earlier that the fixing of legislative standards in the enabling statutes of

agencies

as required by the doctrine can only be considered as an

effective method of checking agency action when such standards are sufficiently definite or specific. Broad or vague standards are open invitations to absolute or unfettered discretion, which may or may not be exercised for the public interest. It is, however, the rules of administrative procedure enacted by Congress, which can help prevent uncontrolled discretion. It is noteworthy that Book VII of the Administrative Code of 1987 contains provisions, which prescribe procedural rules to be commonly observed by agencies in administrative rulemaking and adjudication. 32 If strictly followed, these rules can further enhance the opportunity to be heard of

  • 32 ADMINISTRATIVE CODE, bk. VII, §§ 9-16, Exec. Ord. No. 292, as amended by Rep.

Act No. 6682 (Phil.).

CENTENNIAL LECTURES OF THE UP COLLEGE OF LAW

the parties affected by agency action thereby ensuring their right to due process. The judiciary offers the most effective check on agency action through its power of judicial review. While the executive and legislative branches can control administrative rulemaking and adjudication only to a certain extent, the courts, through the various modes of judicial review provided in the Rules of Court, can better control agency behavior to ensure that it does not exceed the limits set by law. Undoubtedly, judicial review offers the most direct way to check arbitrariness in the exercise

of administrative power and it provides immediate relief to the adversely affected parties. In evaluating the efficacy of judicial review as a checking device over agency action, two major issues must be taken into consideration. The first issue is a threshold issue as it relates to its availability. If judicial review is available, the next issue that must be addressed pertains to the scope or extent of such review.

Regarding the issue of availability, it is appropriate

to

ask

at

this

point whether or not judicial review is available in cases where the enabling statute of the agency does not expressly provide for such review. Should the silence of the law be interpreted to mean that the intention of Congress is to withhold judicial review? The Supreme Court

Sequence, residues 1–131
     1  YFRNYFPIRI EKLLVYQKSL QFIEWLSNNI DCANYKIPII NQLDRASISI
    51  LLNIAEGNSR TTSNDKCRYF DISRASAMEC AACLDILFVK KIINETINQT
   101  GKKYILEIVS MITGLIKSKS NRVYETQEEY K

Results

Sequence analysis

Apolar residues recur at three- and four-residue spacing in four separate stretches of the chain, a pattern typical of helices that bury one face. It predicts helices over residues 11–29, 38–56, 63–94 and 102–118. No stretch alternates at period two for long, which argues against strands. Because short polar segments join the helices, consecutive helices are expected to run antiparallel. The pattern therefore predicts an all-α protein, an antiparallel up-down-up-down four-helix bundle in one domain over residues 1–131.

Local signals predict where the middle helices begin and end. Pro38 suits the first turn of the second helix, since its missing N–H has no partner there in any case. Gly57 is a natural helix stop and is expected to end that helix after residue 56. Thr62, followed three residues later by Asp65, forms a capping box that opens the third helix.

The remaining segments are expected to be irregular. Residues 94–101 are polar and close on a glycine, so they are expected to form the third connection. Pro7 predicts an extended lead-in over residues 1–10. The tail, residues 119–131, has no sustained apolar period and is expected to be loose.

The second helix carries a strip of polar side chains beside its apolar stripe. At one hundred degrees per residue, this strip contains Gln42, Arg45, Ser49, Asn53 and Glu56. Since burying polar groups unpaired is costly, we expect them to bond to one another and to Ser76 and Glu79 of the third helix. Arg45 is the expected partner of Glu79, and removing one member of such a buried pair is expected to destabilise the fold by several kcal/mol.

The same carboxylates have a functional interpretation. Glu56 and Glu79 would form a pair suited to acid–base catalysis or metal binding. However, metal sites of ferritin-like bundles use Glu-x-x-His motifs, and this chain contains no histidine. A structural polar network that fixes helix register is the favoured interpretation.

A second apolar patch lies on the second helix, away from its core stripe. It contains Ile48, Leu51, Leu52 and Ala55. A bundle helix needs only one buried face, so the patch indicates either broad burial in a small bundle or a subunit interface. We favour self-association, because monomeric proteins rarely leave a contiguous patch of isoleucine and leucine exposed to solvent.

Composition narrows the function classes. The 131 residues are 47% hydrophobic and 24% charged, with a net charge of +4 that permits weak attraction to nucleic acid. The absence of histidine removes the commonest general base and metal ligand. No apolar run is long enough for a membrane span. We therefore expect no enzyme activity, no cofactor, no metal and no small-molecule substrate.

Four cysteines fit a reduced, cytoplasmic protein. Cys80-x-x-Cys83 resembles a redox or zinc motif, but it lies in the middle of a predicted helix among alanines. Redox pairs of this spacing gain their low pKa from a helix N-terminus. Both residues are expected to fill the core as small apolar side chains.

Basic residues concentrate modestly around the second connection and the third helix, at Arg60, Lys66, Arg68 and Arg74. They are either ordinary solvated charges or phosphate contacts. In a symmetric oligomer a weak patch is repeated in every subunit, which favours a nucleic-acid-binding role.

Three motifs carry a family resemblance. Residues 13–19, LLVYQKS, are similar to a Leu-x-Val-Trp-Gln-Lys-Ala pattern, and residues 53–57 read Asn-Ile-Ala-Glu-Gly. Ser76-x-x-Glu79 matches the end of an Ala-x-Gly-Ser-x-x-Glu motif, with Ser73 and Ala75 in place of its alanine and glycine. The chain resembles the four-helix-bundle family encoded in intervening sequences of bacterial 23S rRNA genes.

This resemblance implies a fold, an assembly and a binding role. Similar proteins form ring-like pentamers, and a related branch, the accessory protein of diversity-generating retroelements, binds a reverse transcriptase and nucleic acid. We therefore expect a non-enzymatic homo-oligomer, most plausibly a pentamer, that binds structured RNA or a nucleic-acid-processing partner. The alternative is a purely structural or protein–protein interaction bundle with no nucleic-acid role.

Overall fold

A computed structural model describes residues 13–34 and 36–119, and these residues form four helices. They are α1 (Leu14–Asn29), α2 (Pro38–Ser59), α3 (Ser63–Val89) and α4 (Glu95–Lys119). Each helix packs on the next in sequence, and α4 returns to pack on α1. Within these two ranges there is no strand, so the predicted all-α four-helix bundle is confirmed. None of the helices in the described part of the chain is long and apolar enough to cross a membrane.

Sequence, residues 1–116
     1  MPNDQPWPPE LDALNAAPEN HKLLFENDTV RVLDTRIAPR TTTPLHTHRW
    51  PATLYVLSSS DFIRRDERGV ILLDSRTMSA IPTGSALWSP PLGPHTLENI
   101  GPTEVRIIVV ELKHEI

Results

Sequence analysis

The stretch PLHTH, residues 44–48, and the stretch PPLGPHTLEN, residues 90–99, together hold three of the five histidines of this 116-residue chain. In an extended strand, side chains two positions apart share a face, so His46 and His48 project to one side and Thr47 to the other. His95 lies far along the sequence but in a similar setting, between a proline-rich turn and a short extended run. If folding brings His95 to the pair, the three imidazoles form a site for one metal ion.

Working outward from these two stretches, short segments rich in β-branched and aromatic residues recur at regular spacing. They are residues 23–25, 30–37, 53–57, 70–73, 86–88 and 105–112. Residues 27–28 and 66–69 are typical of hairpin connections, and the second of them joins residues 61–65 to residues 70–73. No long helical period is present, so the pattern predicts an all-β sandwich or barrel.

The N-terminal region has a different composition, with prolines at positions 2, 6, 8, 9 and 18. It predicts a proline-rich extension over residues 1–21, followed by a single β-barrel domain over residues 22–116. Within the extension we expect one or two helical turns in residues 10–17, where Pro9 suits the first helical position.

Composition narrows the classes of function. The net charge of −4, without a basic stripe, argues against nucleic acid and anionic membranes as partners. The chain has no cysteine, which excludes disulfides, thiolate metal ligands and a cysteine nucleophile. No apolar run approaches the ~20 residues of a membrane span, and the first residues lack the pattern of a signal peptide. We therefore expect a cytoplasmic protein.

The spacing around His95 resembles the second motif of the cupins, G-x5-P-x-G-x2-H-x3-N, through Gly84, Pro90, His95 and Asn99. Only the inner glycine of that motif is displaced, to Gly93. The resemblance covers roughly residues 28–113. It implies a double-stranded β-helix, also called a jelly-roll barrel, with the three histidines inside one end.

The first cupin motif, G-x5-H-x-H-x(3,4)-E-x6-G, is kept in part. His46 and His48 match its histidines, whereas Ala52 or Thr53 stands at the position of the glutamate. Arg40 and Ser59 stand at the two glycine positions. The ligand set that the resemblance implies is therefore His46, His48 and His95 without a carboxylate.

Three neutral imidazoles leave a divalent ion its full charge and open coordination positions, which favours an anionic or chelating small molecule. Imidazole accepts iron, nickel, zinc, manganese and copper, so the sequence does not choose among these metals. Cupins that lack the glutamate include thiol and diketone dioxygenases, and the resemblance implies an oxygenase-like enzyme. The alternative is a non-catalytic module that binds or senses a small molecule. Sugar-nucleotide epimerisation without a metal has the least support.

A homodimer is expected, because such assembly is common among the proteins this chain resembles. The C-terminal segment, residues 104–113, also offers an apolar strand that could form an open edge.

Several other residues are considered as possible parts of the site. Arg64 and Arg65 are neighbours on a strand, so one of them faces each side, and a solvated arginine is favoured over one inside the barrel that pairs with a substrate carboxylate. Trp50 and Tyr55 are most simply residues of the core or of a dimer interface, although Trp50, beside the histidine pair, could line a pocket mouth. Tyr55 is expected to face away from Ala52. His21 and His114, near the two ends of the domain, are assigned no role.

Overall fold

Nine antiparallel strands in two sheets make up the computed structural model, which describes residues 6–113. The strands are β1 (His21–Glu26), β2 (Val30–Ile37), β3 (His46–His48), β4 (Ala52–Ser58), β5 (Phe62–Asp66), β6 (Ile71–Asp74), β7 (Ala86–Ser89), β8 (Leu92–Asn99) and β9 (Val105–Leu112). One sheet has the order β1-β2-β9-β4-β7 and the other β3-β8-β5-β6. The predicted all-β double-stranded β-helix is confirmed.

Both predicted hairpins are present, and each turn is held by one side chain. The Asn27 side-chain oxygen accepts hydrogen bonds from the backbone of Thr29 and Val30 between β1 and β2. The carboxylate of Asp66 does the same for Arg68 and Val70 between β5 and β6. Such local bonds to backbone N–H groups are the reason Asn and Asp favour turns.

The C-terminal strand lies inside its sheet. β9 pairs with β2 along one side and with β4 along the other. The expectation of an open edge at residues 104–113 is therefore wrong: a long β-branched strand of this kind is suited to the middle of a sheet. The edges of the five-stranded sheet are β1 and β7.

answered

this question

in the negative

in

a

case

where the enabling

statute did not expressly provide for judicial review. The Court held that:

It is generally understood that as to administrative agencies exercising quasi-judicial or legislative power there is an underlying power in the courts to scrutinize the acts of such agencies on questions of law and jurisdiction even though no right of review is given by statute. The purpose of judicial review is to keep the administrative agency within its jurisdiction and protect substantial rights of parties affected by its decisions. It is part of the system of checks and balances which restricts the separation of powers and forestalls arbitrary and unjust adjudications. Judicial review is proper in case of lack of jurisdiction, grave abuse of discretion, error of law, fraud or collusion. 33

  • 33 San Miguel Corp. v. Sec'y of Labor, G.R. No. L-39195, 64 SCRA 56 (May 16, 1975) (Phil.). See also Meralco Sec. Indus. Corp. v. Cent. Bd. of Assessment Appeals, G.R.

No. L-46245, 114 SCRA 260 (May 31, 1982) (Phil.); Uy v. Palomar, G.R. No. L-23248,

27 SCRA

287

(Feb. 28, 1969)

(Phil.); Sotto v. Ruiz, G.R. No. L-17419, 41

PHIL. REP.

Administrative Rulemaking andAdjudicaion

Notwithstanding the inherent power of the courts to scrutinize the acts of administrative agencies on questions of law and jurisdiction, a party seeking judicial intervention to protect his rights adversely affected by agency action must satisfy the requirements imposed by the doctrines on standing to challenge, exhaustion of administrative remedies, and ripeness before the reviewing court can take cognizance of his case.

Without going into the intricacies of the law on standing, it can be

stated that the fundamental

idea

behind it is

that "one

who is

in fact

adversely affected by governmental action should have standing to

challenge that action if it is judicially reviewable. '

On the other hand,

the rule on exhaustion of administrative remedies, which applies to the

quasi-judicial function of the agency, 35 and the ripeness doctrine,

which

applies to its legislative or rulemaking function, share a common

ultimate objective which is the prevention of the premature resort to the courts. The exhaustion of administrative remedies gives the agency the opportunity to correct its own errors, while the observance of the ripeness doctrine seeks "to prevent the courts, through avoidance of premature adjudication, from entangling themselves in abstract disagreements over administrative policies, and also to protect the agencies from judicial interference until an administrative decision has been formalized and its effects felt in a concrete way by challenging parties. 36 The other major issue concerning the scope of judicial review brings

into

focus

the

substantial

evidence

rule

in

the

review

of

agency

decisions. Under this rule, if the findings of fact of agencies exercising quasi-judicial function are supported by substantial evidence, the courts

will no longer review such findings. The rule is based on the respect that the judiciary bestows on the specialized knowledge, skills, or expertise of